When you’re putting together your retirement plan, a traditional 401k is a reliable asset to have in your portfolio. A 401k is an employer-sponsored retirement plan that allows you to contribute a portion of your wages into a 401k account. In many cases, your contributions are matched by your employer. The money is invested in funds that grow over time, giving you peace of mind in your golden years.
A traditional 401k plan is one of the easiest ways to start saving for retirement. Upon starting a new job, an employee may be automatically enrolled in a 401k plan while others may have a probation period before starting to contribute. In most cases, an employee will need to choose a fixed percentage of their wages out of every paycheck that they want to contribute to their 401k. These contributions are pre-tax income, meaning that the amount goes into the 401k before income taxes are applied.
The big benefit is that 401k contributions reduce your yearly income, thereby reducing your taxes. Additionally, the 401k grows tax deferred, meaning no taxes are paid until the money is distributed (ideally in retirement). An employee will also need to choose in which investments to put their money as well as what portion of the contribution they want distributed into each investment. Finally, an employer can match an employee’s contributions, helping the employee maximize their money.
The obvious benefit of starting early with a traditional 401k is that the more time it has, the more it will grow. The principal will grow with interest, but you also have the benefit of compound interest, or earning interest on your interest plus the principal amount. And in today’s economy, you’ll most likely change jobs over your career. The good news is that you can take your earnings with you, rolling over your traditional 401k account into the next.
You do need to consider the possible tax bracket you’ll be in by retirement. If you think you’ll be in a lower tax bracket, distributions from your traditional 401k could bump you into a higher tax bracket, since those distributions will be considered taxable income. This could make you pay more taxes, including on Social Security. In this case, a Roth 401k may be a good option.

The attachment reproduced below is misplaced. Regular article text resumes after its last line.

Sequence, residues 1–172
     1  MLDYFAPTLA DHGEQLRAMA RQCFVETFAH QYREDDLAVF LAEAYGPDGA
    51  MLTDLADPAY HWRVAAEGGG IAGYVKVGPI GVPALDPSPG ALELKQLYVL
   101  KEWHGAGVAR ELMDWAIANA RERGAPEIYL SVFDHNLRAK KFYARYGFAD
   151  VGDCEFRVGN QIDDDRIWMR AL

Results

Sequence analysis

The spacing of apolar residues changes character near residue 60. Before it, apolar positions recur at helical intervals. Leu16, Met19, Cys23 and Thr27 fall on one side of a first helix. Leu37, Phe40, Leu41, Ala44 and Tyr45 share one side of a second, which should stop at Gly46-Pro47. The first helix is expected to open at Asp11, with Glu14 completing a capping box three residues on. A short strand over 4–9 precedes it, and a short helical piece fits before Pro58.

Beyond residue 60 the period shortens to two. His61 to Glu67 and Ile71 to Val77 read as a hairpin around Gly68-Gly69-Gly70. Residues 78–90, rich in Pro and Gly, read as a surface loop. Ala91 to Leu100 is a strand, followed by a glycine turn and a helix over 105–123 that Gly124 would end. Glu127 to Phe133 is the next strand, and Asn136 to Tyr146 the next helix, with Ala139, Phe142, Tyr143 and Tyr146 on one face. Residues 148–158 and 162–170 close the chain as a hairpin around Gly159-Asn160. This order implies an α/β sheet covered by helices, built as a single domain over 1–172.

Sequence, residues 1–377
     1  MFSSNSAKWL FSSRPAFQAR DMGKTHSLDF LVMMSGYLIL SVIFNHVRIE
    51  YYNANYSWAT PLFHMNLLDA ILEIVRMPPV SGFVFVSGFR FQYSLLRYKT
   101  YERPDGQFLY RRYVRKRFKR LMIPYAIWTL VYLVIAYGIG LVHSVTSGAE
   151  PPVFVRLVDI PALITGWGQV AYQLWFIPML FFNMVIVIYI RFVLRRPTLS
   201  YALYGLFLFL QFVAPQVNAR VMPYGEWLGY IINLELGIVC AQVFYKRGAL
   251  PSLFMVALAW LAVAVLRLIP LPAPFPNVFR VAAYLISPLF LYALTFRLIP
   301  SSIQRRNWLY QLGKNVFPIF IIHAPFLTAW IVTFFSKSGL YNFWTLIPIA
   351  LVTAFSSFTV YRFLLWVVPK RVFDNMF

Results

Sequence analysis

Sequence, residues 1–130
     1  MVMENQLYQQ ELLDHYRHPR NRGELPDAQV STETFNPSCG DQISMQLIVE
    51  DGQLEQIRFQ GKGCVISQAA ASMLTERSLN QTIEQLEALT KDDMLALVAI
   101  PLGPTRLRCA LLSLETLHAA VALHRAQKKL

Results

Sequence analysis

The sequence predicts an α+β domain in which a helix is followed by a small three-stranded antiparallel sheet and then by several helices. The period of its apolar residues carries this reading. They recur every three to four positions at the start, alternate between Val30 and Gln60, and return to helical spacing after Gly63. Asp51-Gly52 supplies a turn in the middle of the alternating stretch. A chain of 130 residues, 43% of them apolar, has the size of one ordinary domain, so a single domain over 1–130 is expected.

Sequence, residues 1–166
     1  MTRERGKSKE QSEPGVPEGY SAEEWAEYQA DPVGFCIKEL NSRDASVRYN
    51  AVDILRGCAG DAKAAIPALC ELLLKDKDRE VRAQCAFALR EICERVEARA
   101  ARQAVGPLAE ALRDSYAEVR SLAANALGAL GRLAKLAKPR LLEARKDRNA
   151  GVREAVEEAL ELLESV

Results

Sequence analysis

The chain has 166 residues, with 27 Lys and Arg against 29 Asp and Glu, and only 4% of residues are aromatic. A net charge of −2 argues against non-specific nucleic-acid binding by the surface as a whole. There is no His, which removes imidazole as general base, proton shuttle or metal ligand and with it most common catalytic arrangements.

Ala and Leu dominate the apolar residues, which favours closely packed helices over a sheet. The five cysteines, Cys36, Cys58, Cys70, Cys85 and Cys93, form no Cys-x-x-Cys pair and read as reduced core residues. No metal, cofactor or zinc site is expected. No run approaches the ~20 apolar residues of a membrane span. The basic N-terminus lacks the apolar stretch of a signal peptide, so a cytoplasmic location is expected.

How much can you contribute?
There are yearly limitations on how much money you can contribute to a traditional 401k. The contribution limit for 2021 is $19,500. If you’re 50 years or older, you can add another $6,500 a year as a catch-up amount. Be aware that there are 401k plans that stipulate you can’t make contributions after you start earning a certain level of salary. Additionally, the combined amount of employee and employer contributions cannot exceed the employee’s salary, or the amount of $57,000 in 2021, whichever is less. You’ll want to weigh the benefits of maxing out your 401k each year; if you make $50,000 a year, then contributing $19,500 may be unrealistic for your budget. The important thing is to keep contributing at an amount that is comfortable for your lifestyle.
Not taking advantage of a traditional 401k with employer matching is like leaving free money on the table. Employers commonly match employee contributions dollar-for-dollar up to 3% of the employee’s salary. Or they can also match $.50 to every dollar an employee contributes up to 5%. Some generous employers even match 100% of an employee’s contribution up to a certain percentage of their salary.
You’ll want to check what formula your employer offers, and contribute the amount that will maximize your employer’s match. Your employer may also require you to follow a vesting schedule, meaning that you need to work at the company for several years before taking ownership over their contributions.
The plan administrator will provide several options for investment: different mutual funds, index funds, and exchange traded funds. You can choose to divide your contribution into different funds. If you’re automatically enrolled in a 401k plan, your contributions will most likely go into a target-date fund. This is a fund that has a mix of stocks and bonds, and is invested according to your age and “target-date” of retirement. However, you can always change where your money goes. Make sure to look at your investments options, and consult with your financial advisor about the best ones for you.
Withdrawing funds from your 401k
A 401k plan is intended to help you in retirement, so the IRS has rules for when you can withdraw without penalty. If you withdraw funds before the age of 59 ½, your money is subject to a tax penalty of 10% of the amount withdrawn, plus a 20% mandatory income tax withholding. There are some exceptions, such as total and permanent disability. You must begin withdrawing funds at 72 (or age 70 ½ if you were born before June 30, 1949), as required minimum distributions, or RMDs. The IRS calculates your RMDs based on life expectancy tables to determine how much you need to take out each year to avoid a penalty.
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